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Uganda and Its Agribusiness Industry

Updated: Feb 10, 2022

Oli otya?

Oh, don’t look confused. I’m simply saying hello to you in Luganda – Uganda’s most common language.

Nestled in the eastern part of Africa, Uganda is a little slice of paradise that enjoys a colorful culture thanks to its various ethnic groups.

And there’s a cherry on top: its landscape and diverse ecosystem.

Little wonder Sir Winston Churchill’s named it “the pearl of Africa.” He said, “Uganda is a fairytale. You climb up a railway instead of a beanstalk and at the end, there is a wonderful new world.”

The land of matoke – occupying an area of 241,037 kilometers squared and landlocked – offers an amazing climate, delectable cuisine, and a low cost of living.

Oh, and don’t get me started on the people! Africans are known to be friendly and hospitable, but Ugandans take these traits a notch higher.

Ugandan aunties and uncles will almost always drop everything to help out a stranger. (You already know an older person, related to you or not, is called auntie or uncle as a sign of respect in Africa, don’t you?) This is why, though poor, Uganda is the largest refugee-hosting country in Africa.

Strange, right? Considering we live in a world riddled with anti-immigrant sentiment.

In this post for Black History Month, we look at what Ugandans do to rake in money.

Agribusiness and Uganda’s Tomorrow’s Jobs

Is agribusiness new? No. Definitely not. Is it hot? Yes. Definitely yes.

Growing up, most Ugandan millennials were socialized by their parents and the society to despise farming and anything that appertains to it. White color jobs and speaking fluent English were the ideal.

Quick side note: Ugandans speak a localized form of English called Uglish – pretty much what AAVE is to Black people in the U.S.

However, the millennial and Gen Z populations in Uganda today have seen the flaw in this thinking and know they could make a lot of money from Agribusiness.

This shift in generational thinking has linked small-scale producers to national markets, met food demands, created tomorrow’s jobs, and propelled the country’s agricultural sector, which employs approximately 72% of the population.

In an ideal world, Uganda would be Africa’s food basket because 80% of Uganda’s land is arable but only 35% is being cultivated. The sector accounts for 23.7% of the country’s gross domestic product (GDP).

Uganda is green, very green because its climate is perfect for vegetation. Everywhere you turn, there is food, and it feels like locals – be it in towns or the countryside – are always selling food.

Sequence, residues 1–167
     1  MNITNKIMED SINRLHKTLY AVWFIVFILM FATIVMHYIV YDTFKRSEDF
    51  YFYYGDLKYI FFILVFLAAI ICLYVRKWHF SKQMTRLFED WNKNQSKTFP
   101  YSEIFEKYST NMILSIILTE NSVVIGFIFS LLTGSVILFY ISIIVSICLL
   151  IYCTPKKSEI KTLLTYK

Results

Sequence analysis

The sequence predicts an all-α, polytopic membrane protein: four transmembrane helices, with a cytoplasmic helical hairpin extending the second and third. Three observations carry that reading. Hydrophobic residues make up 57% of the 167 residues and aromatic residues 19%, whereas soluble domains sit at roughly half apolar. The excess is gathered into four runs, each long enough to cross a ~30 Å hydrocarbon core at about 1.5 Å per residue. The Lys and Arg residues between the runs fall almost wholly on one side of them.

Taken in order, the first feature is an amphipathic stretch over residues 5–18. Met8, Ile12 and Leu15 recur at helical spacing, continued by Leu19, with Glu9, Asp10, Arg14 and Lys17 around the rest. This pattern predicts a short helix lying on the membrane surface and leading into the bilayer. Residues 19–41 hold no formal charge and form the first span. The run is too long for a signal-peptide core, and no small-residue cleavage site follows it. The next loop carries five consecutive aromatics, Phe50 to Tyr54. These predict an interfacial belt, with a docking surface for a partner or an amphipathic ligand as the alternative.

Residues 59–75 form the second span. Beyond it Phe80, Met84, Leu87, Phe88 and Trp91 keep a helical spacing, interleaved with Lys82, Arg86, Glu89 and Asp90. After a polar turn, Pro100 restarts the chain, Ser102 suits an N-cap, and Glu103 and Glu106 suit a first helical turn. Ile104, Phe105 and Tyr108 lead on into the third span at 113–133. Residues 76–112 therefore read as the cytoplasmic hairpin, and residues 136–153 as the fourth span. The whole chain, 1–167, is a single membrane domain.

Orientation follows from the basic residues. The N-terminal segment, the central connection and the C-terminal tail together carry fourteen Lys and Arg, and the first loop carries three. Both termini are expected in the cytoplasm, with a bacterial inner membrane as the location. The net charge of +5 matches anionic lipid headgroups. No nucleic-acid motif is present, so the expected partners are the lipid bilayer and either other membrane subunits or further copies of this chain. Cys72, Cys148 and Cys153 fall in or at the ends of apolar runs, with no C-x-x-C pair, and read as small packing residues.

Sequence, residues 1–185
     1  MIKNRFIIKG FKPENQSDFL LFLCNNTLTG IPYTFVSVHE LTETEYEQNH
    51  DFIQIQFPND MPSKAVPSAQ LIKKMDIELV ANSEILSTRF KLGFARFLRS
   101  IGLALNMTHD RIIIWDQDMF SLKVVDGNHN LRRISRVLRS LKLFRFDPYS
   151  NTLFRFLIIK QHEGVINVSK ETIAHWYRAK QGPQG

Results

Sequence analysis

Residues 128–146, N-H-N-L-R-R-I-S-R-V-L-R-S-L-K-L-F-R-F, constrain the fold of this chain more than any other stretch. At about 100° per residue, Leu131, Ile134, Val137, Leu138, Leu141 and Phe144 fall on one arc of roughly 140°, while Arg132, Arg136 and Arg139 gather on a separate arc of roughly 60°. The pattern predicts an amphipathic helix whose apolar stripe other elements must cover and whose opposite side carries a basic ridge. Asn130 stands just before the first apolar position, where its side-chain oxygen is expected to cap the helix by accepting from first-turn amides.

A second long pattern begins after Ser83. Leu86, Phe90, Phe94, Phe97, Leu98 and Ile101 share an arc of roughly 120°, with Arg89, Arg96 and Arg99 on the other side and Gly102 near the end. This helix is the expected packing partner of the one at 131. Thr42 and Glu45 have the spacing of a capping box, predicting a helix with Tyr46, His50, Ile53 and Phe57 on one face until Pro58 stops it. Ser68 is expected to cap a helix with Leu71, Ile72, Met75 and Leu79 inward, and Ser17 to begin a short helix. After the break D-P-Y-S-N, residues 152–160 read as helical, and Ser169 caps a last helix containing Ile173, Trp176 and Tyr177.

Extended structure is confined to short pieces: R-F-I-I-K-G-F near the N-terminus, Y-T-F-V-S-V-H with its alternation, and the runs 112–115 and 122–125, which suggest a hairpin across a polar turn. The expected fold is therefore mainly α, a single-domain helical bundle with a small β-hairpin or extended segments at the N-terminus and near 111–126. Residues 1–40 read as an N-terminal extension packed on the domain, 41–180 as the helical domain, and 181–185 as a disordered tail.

Lorry transporting produce to Owino market – Kampala’s biggest outdoor market and one of the largest in East Africa.
Lorry transporting produce to Owino market – Kampala’s biggest outdoor market and one of the largest in East Africa.

Value Addition Processing in Coffee

Coffee is one of the country’s most prominent foreign exchange earners.

In fact, Uganda is Africa’s second-largest exporter of coffee, exporting both Robusta and Arabica coffee. Yet surprisingly, the very picturesque Kaweri Coffee Plantation is the only large-scale coffee farm in the country.

Kaweri Coffee Plantation
Kaweri Coffee Plantation

Fan fact: Kaweri is home to wild Robusta coffee trees that are well over 100 years old. Yep! Robusta coffee is native to the area.

We should probably call it Kisansa or Nganga – its native names – instead of Robusta, right?

There is a niche for value addition enhancements that has earned investors’ money and helped farmers increase their share of the final market price for the cash crop.

When most people think of African coffee, they think Kenya and Ethiopia. This is why Uganda’s neighbors, Kenya and Ethiopia, sell their coffee at relatively higher prices than Uganda.

This impediment has not stopped Uganda, and she is quickly gaining on her neighbors.

The introduction of value addition processes, such as the Robusta washing process, has seen the rise of premium-roast coffee products, purely made of Kaweri coffee, across the globe.

A Ugandan farmer tending to Robusta berries.
A Ugandan farmer tending to Robusta berries.

Plantain Chips Export

It feels like there’s always a TikTok video of people trying African foods/snacks going viral every few weeks, right?

Remember me mentioning matoke earlier? Matoke is made from plantain bananas, which are in abundance in Uganda. Locals also make a snack called Matoke Crisps by deep frying the plantains.

You literally just need raw banana, salt, and oil for frying. But you can dry and roast the banana, too.

Dry roasted matoke chips
Dry roasted matoke chips

Matoke is a favorite and a staple in Uganda. Kids need a snack for recess? Pack matoke chips for them.

In-laws are visiting and you want to impress them? Make matoke chips. A foreigner wants a snack that identifies with the country? Buy them matoke chips.

Ugandans have turned a favorite childhood snack into a money-minting product, and it is working. Plantain banana prices have steadily been rising, from $0.24 per kilogram in 2017 to $0.54 in 2019, which is excellent news for Ugandan farmers.

While matoke is still a street food sold by roadside hawkers in Uganda, the snack has transformed into a gourmet snack in the recent past.

Celebrity chefs in the country are routinely creating and recreating new recipes of the snack to cash in on the “matoke craze,” too.

That’s not all – matoke chips have become a common snack on local and international supermarket shelves. Potato chips are shaking in their boots.

Want to find out if it is possible to switch careers and how to navigate the transition? Book a career coaching appointment with Black On The Job today.


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